When are Police Allowed to Use Tasers?
When making an arrest, police officers have the right to use a reasonable amount of force in getting the individual to cooperate. Lately, police brutality and use of excessive force have come under scrutiny in Albuquerque. It has been brought to the country’s attention that Albuquerque has a problem with the police using excessive force in their interactions with the public. There is growing concern that reforms are taking place.
One tool that police officers have at their disposal is the Taser. Tasers are used to immobilize an individual by delivering an electric current to a person’s body that interferes with the victim’s ability to control the muscles. While not considered a deadly weapon, Tasers have been frequently associated with deaths in the United States.
Human rights organization Amnesty International, USA has estimated that 540 Taser-related deaths have occurred between 2001 and 2013. While the Taser may not be directly responsible for a death, electric currents coursing through the body can create conditions that contribute to death, particularly when the person has a medical condition or disability. It is clear that with Taser usage and injuries on the rise, police officers need to use the utmost discretion before employing a Taser to control any person.
Tasers and Excessive Force
Recently, there have been several court cases where the court decided that the use of Tasers did constitute excessive force. Awareness of the dangers of Tasers is on the rise, and considering New Mexico’s current reputation for cases of police brutality, it may very well be that you have experienced the use of excessive force if an arresting officer used a Taser during an arrest. While the law protects an officer’s right to use reasonable force, the facts of your case may reveal excessive use of force.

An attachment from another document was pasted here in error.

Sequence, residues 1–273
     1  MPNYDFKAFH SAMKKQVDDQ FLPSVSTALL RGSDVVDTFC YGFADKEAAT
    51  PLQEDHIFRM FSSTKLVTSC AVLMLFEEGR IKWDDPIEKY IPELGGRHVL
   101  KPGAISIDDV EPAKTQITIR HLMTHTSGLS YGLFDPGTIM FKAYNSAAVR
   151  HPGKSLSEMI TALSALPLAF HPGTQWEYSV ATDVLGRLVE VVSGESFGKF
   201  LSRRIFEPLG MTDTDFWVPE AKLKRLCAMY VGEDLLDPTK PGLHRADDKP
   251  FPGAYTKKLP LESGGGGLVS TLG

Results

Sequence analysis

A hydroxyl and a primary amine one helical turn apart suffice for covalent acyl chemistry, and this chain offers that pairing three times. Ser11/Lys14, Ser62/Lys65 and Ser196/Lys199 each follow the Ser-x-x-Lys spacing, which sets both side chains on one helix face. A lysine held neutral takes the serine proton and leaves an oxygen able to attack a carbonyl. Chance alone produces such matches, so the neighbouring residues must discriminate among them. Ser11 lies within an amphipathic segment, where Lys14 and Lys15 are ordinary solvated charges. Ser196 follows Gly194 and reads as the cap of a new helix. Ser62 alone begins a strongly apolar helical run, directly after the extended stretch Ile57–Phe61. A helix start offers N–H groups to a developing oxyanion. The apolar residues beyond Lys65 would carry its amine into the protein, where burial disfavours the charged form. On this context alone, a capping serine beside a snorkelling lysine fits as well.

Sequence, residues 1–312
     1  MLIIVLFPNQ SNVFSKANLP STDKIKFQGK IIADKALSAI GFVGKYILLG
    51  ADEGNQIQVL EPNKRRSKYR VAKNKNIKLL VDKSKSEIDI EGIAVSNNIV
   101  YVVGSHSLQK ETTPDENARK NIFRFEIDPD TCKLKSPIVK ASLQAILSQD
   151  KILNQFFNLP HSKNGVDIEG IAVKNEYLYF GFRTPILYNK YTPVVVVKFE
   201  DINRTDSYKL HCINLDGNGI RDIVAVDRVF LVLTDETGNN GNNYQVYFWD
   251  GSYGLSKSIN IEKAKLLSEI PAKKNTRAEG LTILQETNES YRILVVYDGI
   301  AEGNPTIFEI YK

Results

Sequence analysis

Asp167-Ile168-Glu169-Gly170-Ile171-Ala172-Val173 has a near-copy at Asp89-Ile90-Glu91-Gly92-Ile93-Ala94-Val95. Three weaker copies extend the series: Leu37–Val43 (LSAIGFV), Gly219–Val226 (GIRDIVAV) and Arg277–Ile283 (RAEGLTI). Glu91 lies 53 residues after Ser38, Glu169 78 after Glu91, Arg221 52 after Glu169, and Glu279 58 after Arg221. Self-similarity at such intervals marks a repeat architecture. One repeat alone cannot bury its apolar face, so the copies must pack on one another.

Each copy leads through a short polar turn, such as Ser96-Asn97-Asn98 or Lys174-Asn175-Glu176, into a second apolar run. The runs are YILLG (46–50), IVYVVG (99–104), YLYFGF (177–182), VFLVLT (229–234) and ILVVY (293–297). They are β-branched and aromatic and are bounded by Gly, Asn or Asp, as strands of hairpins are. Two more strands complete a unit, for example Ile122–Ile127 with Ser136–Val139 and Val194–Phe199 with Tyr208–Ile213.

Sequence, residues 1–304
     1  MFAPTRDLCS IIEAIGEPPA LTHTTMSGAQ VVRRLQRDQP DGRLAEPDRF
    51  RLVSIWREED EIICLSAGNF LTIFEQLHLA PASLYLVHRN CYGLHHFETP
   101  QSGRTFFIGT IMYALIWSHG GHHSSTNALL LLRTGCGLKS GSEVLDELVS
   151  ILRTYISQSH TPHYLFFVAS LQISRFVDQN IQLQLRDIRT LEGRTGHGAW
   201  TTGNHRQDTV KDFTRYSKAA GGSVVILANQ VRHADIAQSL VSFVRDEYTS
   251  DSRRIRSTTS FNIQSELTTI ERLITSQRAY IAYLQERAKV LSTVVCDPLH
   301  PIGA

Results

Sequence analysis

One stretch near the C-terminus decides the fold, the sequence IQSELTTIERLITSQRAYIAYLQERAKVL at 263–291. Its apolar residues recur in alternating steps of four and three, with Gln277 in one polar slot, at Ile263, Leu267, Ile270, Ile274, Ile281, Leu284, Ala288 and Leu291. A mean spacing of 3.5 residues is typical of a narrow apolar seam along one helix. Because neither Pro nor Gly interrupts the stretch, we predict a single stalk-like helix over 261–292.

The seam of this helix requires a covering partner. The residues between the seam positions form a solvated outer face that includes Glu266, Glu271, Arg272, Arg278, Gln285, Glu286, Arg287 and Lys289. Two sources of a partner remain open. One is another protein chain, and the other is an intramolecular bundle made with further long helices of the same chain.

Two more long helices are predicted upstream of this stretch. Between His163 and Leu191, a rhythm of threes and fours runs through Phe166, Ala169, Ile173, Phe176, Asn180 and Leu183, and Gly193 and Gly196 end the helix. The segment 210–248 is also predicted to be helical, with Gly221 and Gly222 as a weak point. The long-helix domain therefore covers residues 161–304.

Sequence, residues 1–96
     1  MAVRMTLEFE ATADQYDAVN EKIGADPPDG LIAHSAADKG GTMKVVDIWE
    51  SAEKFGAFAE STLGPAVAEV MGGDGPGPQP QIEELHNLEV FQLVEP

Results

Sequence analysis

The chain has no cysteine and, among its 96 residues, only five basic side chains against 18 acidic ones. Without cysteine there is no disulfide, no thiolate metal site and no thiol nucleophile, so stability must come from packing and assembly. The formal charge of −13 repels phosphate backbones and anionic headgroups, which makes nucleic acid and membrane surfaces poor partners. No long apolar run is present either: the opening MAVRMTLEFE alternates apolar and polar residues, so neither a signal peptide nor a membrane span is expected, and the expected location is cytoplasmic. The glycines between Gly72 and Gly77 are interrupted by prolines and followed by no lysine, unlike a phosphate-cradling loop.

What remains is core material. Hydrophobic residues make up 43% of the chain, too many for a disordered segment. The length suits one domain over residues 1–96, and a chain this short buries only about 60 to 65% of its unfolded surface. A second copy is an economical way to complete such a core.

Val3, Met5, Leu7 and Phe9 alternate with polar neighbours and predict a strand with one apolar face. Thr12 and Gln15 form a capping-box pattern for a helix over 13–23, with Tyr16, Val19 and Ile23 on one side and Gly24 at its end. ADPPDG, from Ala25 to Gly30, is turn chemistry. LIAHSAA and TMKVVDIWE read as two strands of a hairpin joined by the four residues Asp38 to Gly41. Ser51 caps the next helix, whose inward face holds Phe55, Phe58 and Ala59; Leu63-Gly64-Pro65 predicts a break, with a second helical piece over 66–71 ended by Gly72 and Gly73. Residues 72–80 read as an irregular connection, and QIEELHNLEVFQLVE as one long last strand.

Excessive force varies from case to case and there is no rule of thumb to determine when it has occurred. Courts may consider some of the following factors:
- Why the individual was being arrested
- Whether or not the individual posed a threat to the arresting officers
- Whether or not the individual tried to resist arrest
If an individual is being stopped for rolling through a stop sign or another comparable minor violation, there is no reason a Taser should become part of the incident. In such a case, it may be determined that excessive force was employed. However, if the individual engages the police in a high-speed pursuit, and the officers had reason to believe that the individual had a weapon, then the use of a Taser might be deemed to have been a reasonable use of force.
A Criminal Defense Lawyer can Help.
In many cases, the decision about reasonable force versus excessive force will be decided by a jury, and how well both sides argue the case. Most excessive force cases fall into a grey area, and it is imperative that you have an experienced criminal defense attorney present the facts in court about the use of excessive force. At New Mexico Criminal Law Offices, we have seen many individuals who have been brutalized by the police, with Tasers, nightsticks, and other “non-lethal” weapons. We are committed to being part of the effort to put an end to police brutality. Contact us today to discuss your case.